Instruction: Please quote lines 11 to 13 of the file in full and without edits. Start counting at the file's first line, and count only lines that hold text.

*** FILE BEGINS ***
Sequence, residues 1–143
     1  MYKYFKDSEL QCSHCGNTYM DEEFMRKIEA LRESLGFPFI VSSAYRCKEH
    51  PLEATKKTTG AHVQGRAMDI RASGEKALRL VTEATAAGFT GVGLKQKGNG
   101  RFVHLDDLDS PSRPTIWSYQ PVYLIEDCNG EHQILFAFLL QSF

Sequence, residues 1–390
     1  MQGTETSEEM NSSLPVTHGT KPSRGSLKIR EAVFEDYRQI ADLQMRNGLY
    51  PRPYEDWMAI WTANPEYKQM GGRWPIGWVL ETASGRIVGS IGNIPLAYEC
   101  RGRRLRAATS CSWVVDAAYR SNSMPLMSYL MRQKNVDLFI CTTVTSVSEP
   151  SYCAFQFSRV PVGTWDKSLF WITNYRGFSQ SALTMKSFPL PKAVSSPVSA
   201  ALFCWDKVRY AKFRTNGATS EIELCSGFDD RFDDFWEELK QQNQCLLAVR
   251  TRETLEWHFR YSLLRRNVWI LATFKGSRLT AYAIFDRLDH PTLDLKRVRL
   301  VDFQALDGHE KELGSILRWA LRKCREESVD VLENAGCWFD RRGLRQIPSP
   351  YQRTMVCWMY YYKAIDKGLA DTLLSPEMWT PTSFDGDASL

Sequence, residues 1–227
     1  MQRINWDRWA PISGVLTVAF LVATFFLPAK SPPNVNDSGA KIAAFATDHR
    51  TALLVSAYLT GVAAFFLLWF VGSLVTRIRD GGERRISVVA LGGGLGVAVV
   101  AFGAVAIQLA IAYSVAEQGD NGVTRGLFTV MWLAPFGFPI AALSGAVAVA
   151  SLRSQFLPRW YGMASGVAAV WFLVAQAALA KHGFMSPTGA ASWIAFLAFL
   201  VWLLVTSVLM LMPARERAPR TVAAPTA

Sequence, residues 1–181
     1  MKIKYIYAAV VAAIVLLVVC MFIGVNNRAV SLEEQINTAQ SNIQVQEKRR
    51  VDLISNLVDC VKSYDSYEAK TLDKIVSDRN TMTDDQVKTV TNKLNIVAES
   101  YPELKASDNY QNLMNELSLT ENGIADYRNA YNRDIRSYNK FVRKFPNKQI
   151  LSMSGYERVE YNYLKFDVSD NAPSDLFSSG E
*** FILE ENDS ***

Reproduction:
   251  TRETLEWHFR YSLLRRNVWI LATFKGSRLT AYAIFDRLDH PTLDLKRVRL
   301  VDFQALDGHE KELGSILRWA LRKCREESVD VLENAGCWFD RRGLRQIPSP
   351  YQRTMVCWMY YYKAIDKGLA DTLLSPEMWT PTSFDGDASL